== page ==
The supply shortage led to a 7.7% increase in load factors, which significantly boosted yields and revenues for carriers. Cargo revenues shot up 75% in December as the industry enjoyed a longer-than-normal peak season, according to CargoIS.
Cargo results likely would have been better in 2020 with more airlift, and capacity remains a handicap, officials said.
Strong cargo demand led passenger airlines to turn many aircraft into temporary freighters, carrying cargo in the lower deck and in some cases in the cargo cabin.
At several passenger airlines, cargo revenue last year occupied a bigger portion of total sales. United Airlines (NASDQ: UAL), for example, enjoyed a 40% jump in cargo revenues, with cargo representing 11% of total revenues compared to normal 2.5% share.
Although cargo has become a revenue lifeline for these carriers, the reality is that for most of them it is too small a part of the business — about 12% on average — to offset the huge drop in passenger revenues, Pierce said.
Volume in all major air cargo markets fell by double digits last year, except for North America, where carriers posted a 1.1% gain despite a 15.9% drop in capacity. International throughput, however, fell 5.2% — but still better than the rest of the world. December’s 3.1% traffic increase was the strongest monthly performance since late 2018. Strong traffic between Asia and North America, which was up 2.1% for the year, was driven by consumer online orders and contributed to the strong overall figures.
Air cargo’s decline was worse than for overall global trade, which economists say is typical during downturns.
Recent growth in export orders and industrial production, combined with companies trying to fill depleted inventories as economic conditions spur purchases, should result in double-digit growth in 2021, IATA estimated.
And the year is already off to a strong start for carriers, according to more recent statistics from CLIVE Data Services. Load factors in January, typically a slow shipping period, jumped 9 points from the prior year to 66%, with an exceptionally strong rise of 10 to 15 points in the final two weeks of the month.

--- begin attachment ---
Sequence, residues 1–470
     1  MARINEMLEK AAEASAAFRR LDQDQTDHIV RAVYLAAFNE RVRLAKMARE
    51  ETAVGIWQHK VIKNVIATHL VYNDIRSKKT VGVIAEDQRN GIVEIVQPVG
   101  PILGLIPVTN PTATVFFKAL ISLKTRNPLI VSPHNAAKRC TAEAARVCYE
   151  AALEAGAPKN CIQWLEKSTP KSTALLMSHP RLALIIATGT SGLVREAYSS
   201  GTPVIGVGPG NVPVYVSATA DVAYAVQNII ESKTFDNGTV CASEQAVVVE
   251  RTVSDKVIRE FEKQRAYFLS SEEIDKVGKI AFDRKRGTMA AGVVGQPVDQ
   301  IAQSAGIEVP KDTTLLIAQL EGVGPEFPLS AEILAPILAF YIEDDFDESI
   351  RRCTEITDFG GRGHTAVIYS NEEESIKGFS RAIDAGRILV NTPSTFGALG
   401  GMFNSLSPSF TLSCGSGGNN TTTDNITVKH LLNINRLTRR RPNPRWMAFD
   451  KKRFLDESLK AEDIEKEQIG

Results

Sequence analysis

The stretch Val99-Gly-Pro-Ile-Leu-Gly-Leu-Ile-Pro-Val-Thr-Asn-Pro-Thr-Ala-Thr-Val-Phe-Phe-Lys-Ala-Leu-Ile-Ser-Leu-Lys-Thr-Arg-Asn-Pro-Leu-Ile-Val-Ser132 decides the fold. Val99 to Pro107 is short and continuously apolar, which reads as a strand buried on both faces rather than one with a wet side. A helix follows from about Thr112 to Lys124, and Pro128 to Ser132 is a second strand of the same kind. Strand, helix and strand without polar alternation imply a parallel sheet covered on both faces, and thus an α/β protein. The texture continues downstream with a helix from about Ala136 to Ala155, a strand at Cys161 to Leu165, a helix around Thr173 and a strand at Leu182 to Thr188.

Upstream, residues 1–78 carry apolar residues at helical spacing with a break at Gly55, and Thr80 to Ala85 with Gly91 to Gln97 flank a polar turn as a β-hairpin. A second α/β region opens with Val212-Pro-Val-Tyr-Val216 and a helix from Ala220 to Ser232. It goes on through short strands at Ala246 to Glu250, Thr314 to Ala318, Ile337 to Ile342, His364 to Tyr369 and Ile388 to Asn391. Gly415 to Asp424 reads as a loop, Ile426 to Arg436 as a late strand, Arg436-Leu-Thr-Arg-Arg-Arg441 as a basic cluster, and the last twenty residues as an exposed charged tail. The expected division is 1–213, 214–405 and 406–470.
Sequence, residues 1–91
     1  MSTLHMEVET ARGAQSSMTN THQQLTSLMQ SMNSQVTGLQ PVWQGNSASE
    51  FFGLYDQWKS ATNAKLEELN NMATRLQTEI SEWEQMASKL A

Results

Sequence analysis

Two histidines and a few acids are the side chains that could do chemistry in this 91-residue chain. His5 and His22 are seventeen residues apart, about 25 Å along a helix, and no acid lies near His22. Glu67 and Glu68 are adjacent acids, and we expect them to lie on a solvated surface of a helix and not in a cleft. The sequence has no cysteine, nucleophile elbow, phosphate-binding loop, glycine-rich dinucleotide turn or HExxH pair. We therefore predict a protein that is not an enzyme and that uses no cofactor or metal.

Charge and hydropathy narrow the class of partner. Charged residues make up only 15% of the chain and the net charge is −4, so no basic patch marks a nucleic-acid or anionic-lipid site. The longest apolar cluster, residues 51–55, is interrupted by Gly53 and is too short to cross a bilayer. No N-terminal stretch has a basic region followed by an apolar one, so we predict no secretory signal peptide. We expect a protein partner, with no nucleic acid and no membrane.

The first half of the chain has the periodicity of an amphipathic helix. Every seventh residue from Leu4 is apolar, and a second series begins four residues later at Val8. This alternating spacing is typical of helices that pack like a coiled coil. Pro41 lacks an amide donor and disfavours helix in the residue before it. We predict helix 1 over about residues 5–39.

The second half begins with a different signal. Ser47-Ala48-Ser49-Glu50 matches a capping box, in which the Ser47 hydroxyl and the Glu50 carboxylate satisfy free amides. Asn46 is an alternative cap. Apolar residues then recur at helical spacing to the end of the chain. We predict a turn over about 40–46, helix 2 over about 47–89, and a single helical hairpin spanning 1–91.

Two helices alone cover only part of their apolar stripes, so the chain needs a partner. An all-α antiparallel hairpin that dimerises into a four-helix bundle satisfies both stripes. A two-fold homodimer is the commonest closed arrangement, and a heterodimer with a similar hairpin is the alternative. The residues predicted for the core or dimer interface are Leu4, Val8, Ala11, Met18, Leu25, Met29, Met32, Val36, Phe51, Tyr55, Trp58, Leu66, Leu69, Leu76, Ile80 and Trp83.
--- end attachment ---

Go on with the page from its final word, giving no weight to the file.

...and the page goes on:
On one trade lane analyzed by the company, load factors across the Atlantic were higher in January than in November and December, punching in at 88% and 76% for westbound and eastbound routes, respectively.
So many flights are full that some carriers are telling customers they cannot guarantee capacity commitments in January and February, said CLIVE Data Managing Director Niall van de Wouw.
“Capacity is tight and we sense no underlying currents which will swiftly
change this,” he said in a monthly report.
Airfreight rates peaked in the past week after falling at the start of January, according to the TAC Index, which tracks the industry.
IATA officials said better results for domestic travel demonstrate there is demand to fly if consumers aren’t subject to severe travel restrictions. In China and Russia, for example, domestic travel almost achieved a full recovery with load factors above 70%, while state-level restrictions within Australia decimated travel most of the year.
Demand is strongest for leisure destinations and family visits. Corporate travel may never fully bounce back after companies become used to virtual meetings, but there remains a need for face-to-face engagement to transfer knowledge or close sales, Pierce said.
Air travel in emerging markets will take longer to recover, because the vaccine rollout will be slower there and residents could be barred from developed nations until immunizations are widespread, the IATA economist said.